How ironic will it be if John O’Neill and Quade Cooper both depart the ARU next Wednesday?
The date – October 31 – has been scheduled as O’Neill’s final day as the ARU boss after 14 years at the helm across two stints.
It’s also the day Cooper has to front the ARU for bringing the game into disrepute after a litany of off-field indiscretions, headed by his toxic environment within the Wallaby squad comment.
And O’Neill will be one of those deciding Cooper’s fate to have his ARU contract renewed in December.
Hardly the way O’Neill would want to end his watch, nor envisaged his last day.
There are a mountain of questions to be answered.
Why has the ARU waited six weeks to bring Cooper to account? The charge is so serious, it demanded to be heard within days while it was hot.
Over the years the ARU has a track record of sweeping too hard to handle problems under the carpet. But to be fair, most of them were in the bad old amateur days.
Since O’Neill has been in the big chair in the pro era, tacky problems have been met head on for transparency. So why not on this occasion?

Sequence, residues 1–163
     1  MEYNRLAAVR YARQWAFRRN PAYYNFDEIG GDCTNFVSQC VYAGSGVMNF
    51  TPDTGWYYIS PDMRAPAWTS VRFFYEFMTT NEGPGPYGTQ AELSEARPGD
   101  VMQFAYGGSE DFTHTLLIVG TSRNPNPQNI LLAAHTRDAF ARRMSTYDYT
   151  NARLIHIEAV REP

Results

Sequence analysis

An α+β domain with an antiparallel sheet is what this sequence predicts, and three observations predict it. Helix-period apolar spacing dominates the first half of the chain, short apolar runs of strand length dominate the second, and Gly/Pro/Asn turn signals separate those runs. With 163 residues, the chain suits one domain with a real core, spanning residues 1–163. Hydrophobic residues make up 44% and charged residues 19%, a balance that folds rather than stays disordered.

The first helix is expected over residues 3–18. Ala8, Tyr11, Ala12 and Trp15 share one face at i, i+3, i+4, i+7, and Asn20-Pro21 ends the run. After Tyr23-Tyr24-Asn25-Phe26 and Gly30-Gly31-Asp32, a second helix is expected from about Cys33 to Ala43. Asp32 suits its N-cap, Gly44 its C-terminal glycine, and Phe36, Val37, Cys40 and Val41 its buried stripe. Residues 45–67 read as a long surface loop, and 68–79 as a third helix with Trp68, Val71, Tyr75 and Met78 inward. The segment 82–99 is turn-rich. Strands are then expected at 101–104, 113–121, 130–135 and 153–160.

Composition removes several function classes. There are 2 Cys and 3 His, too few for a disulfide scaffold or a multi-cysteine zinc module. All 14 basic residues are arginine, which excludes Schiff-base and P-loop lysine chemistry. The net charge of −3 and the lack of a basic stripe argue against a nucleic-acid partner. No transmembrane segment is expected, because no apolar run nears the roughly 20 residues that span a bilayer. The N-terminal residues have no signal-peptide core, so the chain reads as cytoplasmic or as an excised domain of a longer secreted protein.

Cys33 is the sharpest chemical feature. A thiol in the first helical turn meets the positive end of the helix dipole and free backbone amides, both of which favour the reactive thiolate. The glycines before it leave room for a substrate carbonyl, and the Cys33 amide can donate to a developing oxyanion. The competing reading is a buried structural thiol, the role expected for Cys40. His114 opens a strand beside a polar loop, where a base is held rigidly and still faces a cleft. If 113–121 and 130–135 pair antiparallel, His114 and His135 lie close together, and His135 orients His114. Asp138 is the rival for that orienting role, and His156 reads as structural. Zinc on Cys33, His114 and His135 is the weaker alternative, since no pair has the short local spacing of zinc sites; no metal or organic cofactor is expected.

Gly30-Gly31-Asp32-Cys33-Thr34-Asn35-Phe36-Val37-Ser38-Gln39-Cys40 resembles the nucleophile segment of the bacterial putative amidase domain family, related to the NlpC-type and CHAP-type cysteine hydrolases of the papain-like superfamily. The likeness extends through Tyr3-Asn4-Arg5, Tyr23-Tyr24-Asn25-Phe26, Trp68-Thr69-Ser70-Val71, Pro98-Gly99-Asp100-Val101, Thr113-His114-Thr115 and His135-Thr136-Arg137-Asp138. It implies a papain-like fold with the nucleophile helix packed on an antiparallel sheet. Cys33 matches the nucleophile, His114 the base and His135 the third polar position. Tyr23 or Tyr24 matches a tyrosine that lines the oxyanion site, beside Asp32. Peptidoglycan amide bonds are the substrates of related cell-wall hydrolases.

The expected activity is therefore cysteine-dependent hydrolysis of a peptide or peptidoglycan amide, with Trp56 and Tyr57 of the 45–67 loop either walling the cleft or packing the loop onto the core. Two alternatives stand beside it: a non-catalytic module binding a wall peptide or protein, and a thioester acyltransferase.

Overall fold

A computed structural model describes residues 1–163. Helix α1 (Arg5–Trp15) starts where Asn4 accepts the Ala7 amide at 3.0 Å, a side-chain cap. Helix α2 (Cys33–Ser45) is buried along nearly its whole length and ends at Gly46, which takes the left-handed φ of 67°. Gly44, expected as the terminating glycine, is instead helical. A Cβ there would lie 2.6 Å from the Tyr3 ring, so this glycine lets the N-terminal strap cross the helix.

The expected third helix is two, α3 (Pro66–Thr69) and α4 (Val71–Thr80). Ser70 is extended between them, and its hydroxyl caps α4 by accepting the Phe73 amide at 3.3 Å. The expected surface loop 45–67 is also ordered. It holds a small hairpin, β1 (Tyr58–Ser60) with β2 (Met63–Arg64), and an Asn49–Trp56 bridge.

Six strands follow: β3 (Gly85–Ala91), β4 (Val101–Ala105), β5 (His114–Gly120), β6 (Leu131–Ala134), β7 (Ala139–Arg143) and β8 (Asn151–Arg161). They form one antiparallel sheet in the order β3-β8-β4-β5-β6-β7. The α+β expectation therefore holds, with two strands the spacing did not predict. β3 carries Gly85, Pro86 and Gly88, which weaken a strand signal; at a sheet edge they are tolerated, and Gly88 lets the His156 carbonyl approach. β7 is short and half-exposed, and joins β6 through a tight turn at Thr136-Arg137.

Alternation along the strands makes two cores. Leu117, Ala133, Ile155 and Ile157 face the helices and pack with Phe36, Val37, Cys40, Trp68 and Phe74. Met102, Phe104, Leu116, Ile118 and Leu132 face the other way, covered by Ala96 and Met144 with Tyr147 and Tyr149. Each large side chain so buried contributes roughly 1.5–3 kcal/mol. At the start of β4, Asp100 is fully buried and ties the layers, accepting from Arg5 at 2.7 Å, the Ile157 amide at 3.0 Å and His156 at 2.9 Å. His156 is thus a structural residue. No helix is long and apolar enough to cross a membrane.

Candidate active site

Why did the Wallabies, in South Africa at the time before they were flogged by the Boks, decide to zip it and make no comment on Cooper’s toxic remark?
Was it a directive from the ARU, on-site Wallaby management, or did the Wallabies decide for themselves?
Which begs another question, will any of the current Wallabies be called into next Wednesday’s high noon meeting to give evidence? The 30-man squad doesn’t leave for their annual spring tour to the northern hemisphere until Saturday.
And in the immediate background are many nervous Queensland Reds. One of their favourite sons, Cooper has signed for the next three years, but there’s no way he’ll stay if his Reds contract isn’t topped up by the ARU.
We all know Queenslanders support each other through thick and thin, that makes them such a competitive sporting state.
It also makes former Wallaby coach John Connolly an interesting benchmark.
A dyed-in-the-wool Queenslander, two weeks ago Connolly suggested a 12-month ban for Cooper which made everyone blink in amazement. But lately he’s backed off, lowering his sights to a big fine.
Just as next Wednesday will be a significant day in Australian rugby history.